We do not routinely use convalescent plasma outside clinical trials because a clear clinical benefit has not been demonstrated in hospitalized patients. The potential role of monoclonal antibodies for hospitalized patients is restricted to a small subset of individuals, as discussed above and elsewhere. (See 'Antibody-based therapies (anti-SARS-CoV-2 monoclonal antibodies and convalescent plasma)' below.)

We generally suggest against off-label use of other agents. Although repurposed use of agents available for other medical indications has been described, for most of these agents there are insufficient data to know whether they have any role in treatment of COVID-19; thus, we recommend that such agents only be used in the setting of a clinical trial.

Specific treatments

Dexamethasone and other glucocorticoids

Use of dexamethasone – We recommend dexamethasone for severely ill patients with COVID-19 who are on supplemental oxygen or ventilatory support (algorithm 2). We use dexamethasone at a dose of 6 mg daily for 10 days or until discharge, whichever is shorter. If dexamethasone is not available, it is reasonable to use other glucocorticoids at equivalent doses (eg, total daily doses of hydrocortisone 150 mg, methylprednisolone 32 mg, or prednisone 40 mg), although data supporting use of these alternatives are more limited than those for dexamethasone. In contrast, we recommend that dexamethasone (or other glucocorticoids) not be used for either prevention or treatment of mild to moderate COVID-19 (patients not on oxygen). These recommendations are largely consistent with those of other expert and governmental groups [2,33,43-45]. (See 'Patients with oxygen requirement/severe disease' above.)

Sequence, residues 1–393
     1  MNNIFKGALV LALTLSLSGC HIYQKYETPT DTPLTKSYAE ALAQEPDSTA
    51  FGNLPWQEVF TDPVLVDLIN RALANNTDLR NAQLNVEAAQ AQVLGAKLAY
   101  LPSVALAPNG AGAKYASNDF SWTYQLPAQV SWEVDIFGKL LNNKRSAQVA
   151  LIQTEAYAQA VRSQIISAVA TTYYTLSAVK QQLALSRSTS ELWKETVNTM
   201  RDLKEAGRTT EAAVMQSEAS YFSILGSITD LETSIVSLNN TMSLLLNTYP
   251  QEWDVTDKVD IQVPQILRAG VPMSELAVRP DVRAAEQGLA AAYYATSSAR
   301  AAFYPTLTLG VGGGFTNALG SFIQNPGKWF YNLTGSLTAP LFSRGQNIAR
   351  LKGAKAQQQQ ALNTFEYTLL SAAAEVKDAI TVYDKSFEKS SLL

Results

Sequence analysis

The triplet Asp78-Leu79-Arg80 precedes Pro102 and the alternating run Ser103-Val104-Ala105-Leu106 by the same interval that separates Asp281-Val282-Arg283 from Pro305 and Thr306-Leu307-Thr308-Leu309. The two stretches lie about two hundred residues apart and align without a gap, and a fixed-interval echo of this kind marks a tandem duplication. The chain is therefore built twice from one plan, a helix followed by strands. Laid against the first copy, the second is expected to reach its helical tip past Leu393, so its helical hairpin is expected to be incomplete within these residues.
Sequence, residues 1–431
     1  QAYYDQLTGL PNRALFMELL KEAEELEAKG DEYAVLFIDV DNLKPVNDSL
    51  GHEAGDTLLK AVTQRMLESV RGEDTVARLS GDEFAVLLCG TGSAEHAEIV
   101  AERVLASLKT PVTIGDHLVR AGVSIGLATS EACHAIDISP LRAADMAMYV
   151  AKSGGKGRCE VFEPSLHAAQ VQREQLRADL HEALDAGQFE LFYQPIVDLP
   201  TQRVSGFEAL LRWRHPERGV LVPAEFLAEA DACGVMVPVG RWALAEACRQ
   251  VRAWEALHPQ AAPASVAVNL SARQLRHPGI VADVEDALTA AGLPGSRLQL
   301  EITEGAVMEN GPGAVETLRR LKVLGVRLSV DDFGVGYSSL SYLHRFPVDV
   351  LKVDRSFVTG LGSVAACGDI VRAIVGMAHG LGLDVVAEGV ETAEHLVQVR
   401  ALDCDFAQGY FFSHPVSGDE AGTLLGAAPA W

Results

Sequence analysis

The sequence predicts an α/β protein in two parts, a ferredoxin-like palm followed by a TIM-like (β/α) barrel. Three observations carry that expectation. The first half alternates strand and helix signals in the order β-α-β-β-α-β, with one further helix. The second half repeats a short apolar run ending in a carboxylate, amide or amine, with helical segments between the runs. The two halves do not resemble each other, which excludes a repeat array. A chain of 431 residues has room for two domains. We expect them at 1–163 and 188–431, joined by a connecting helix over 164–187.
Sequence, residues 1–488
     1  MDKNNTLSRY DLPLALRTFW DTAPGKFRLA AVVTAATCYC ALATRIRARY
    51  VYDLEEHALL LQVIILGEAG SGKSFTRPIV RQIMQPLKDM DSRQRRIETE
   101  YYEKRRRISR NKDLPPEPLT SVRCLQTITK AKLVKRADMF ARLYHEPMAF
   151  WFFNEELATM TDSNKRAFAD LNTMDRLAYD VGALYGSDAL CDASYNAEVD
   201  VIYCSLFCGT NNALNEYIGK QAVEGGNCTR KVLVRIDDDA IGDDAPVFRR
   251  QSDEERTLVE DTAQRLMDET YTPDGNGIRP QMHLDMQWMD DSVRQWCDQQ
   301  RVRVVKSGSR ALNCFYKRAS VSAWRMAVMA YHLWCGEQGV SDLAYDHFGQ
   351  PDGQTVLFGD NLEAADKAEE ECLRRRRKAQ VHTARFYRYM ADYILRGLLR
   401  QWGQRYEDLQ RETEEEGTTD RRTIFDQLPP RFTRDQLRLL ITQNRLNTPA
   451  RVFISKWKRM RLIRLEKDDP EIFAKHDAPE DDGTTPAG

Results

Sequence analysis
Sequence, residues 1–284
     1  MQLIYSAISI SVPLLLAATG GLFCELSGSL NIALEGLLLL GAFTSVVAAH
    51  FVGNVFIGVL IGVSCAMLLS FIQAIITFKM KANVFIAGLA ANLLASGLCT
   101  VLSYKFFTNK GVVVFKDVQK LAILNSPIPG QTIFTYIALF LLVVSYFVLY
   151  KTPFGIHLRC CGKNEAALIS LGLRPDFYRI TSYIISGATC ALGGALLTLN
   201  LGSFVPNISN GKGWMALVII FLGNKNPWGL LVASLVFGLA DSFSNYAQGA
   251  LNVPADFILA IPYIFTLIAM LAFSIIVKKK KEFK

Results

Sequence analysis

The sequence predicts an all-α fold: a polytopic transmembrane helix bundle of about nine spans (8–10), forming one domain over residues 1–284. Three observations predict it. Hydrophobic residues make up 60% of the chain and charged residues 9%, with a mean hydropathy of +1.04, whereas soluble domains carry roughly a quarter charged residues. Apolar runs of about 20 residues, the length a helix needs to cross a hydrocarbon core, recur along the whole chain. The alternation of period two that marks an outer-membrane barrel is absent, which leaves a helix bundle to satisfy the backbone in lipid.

Glucocorticoids may also have a role in the management of refractory shock in critically ill patients with COVID-19. These issues are discussed elsewhere. (See "COVID-19: Management of the intubated adult", section on 'Use of glucocorticoids for non-COVID-19 reasons'.)